Another 787,000 Americans applied for unemployment benefits last week, down 19,000 from the week before and the lowest figure since November.

The data represented the second consecutive drop in the number of initial jobless claims after the figure reached a three-month high earlier this month. Still, the rate remains four times above its pre-pandemic level.

Some economists warned that the true number of Americans put out of work last week could be higher, as the Christmas holiday may have led some to wait to apply for benefits. Claims numbers also dipped in the week of the Thanksgiving holiday only to rise the week after.

The number of initial claims last week was expected to rise to 833,000.

“The good news is that numbers are not rising, but we’re stuck at a very high level of initial claims and continuing claims suggesting that the economy is still struggling to gain any kind of traction,” said Moody’s Analytics chief economist Mark Zandi. “This is consistent with an economy that is on the edge of recession and is not going anywhere fast.”

Column chart of Initial claims, millions showing Jobless claims were below 800,000 last week for first time in a month

Even with the unexpected drop in the number of initial claims for the week ending December 26, the job market is unlikely to see any lasting improvement until Covid-19 case numbers fall from their winter surge, said AnnElizabeth Konkel, economist at Indeed Hiring Lab.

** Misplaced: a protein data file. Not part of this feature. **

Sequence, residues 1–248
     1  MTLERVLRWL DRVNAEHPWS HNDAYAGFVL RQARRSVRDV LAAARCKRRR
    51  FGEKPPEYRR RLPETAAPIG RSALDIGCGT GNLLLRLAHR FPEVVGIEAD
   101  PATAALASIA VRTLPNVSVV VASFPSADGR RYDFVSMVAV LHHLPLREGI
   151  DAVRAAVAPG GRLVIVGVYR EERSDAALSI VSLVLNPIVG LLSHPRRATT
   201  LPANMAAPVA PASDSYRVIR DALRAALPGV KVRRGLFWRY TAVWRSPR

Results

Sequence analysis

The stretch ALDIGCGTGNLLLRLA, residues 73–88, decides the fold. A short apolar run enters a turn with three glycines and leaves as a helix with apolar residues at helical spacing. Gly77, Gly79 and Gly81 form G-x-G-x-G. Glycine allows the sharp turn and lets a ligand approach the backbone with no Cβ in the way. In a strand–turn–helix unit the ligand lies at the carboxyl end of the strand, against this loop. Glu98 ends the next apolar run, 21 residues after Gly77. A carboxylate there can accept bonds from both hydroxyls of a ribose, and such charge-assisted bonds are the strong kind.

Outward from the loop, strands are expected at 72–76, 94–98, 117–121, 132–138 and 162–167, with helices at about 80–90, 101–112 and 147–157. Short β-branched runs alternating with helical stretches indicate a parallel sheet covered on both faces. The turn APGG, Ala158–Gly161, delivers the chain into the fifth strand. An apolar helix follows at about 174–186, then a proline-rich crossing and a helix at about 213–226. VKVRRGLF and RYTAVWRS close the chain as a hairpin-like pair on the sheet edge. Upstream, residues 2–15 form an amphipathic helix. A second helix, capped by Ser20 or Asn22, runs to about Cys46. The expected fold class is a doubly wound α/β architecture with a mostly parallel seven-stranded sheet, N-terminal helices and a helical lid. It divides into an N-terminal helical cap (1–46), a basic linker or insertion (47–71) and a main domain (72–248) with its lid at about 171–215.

“All of this economic chaos and all this discussion about the stimulus bill, at the heart of it are the questions that remain about the path of the virus,” Ms Konkel said. “The stimulus bill was certainly much needed, but it is not an instant fix to the situation. We need to get cases down.”

A $900bn relief package signed by President Donald Trump at the weekend extended jobless benefits and provided funds for businesses and efforts to tackle the pandemic, which will boost the job market but take time to feed through to the economy. The stimulus scheme adds $300 per week to existing unemployment benefits and renews two federal programmes that cover an estimated 10m Americans including the self-employed and gig workers.

Economists fear that an expected surge in Covid-19 cases following Christmas celebrations could prompt further business closures and push more Americans out of work, but still hope that any bump in case numbers could be temporarily counteracted by a boost in consumer spending following the distribution of stimulus cheques.

On top of the new claimants, 5.2m Americans are receiving unemployment benefits, down from 5.3m the week before. Mr Zandi attributed the drop to claimants exhausting their benefits as opposed to finding new jobs.

“While the job market prospects for 2021 are brighter, it will take the first half of the year for that momentum to build,” said Greg McBride, chief financial analyst at Bankrate. “Elevated unemployment will be with us long after the virus is vanquished.”